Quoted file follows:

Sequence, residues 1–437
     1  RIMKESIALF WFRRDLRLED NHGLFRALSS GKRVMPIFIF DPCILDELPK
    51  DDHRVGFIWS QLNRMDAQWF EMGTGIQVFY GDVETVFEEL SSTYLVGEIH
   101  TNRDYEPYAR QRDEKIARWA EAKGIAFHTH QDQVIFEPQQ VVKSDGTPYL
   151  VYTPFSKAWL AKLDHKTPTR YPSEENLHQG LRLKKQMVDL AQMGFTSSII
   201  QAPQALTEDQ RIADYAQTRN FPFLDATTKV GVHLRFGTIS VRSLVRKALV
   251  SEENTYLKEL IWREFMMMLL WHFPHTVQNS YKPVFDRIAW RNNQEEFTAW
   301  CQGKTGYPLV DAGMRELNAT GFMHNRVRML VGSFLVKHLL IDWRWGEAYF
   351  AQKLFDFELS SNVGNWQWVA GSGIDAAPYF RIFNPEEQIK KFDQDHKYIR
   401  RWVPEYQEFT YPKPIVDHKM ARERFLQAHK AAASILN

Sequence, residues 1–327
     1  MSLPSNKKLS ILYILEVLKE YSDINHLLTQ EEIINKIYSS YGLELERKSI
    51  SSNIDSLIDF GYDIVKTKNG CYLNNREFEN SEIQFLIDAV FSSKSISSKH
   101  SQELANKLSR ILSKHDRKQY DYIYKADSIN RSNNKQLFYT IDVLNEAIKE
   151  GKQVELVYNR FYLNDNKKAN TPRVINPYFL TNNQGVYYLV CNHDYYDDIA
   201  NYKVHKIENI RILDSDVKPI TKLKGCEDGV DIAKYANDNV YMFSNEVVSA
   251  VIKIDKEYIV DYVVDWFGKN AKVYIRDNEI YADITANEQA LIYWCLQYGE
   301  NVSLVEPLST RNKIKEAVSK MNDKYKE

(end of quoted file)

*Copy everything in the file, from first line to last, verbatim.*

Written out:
Sequence, residues 1–437
     1  RIMKESIALF WFRRDLRLED NHGLFRALSS GKRVMPIFIF DPCILDELPK
    51  DDHRVGFIWS QLNRMDAQWF EMGTGIQVFY GDVETVFEEL SSTYLVGEIH
   101  TNRDYEPYAR QRDEKIARWA EAKGIAFHTH QDQVIFEPQQ VVKSDGTPYL
   151  VYTPFSKAWL AKLDHKTPTR YPSEENLHQG LRLKKQMVDL AQMGFTSSII
   201  QAPQALTEDQ RIADYAQTRN FPFLDATTKV GVHLRFGTIS VRSLVRKALV
   251  SEENTYLKEL IWREFMMMLL WHFPHTVQNS YKPVFDRIAW RNNQEEFTAW
   301  CQGKTGYPLV DAGMRELNAT GFMHNRVRML VGSFLVKHLL IDWRWGEAYF
   351  AQKLFDFELS SNVGNWQWVA GSGIDAAPYF RIFNPEEQIK KFDQDHKYIR
   401  RWVPEYQEFT YPKPIVDHKM ARERFLQAHK AAASILN

Sequence, residues 1–327
     1  MSLPSNKKLS ILYILEVLKE YSDINHLLTQ EEIINKIYSS YGLELERKSI
    51  SSNIDSLIDF GYDIVKTKNG CYLNNREFEN SEIQFLIDAV FSSKSISSKH
   101  SQELANKLSR ILSKHDRKQY DYIYKADSIN RSNNKQLFYT IDVLNEAIKE
   151  GKQVELVYNR FYLNDNKKAN TPRVINPYFL TNNQGVYYLV CNHDYYDDIA
   201  NYKVHKIENI RILDSDVKPI TKLKGCEDGV DIAKYANDNV YMFSNEVVSA
   251  VIKIDKEYIV DYVVDWFGKN AKVYIRDNEI YADITANEQA LIYWCLQYGE
   301  NVSLVEPLST RNKIKEAVSK MNDKYKE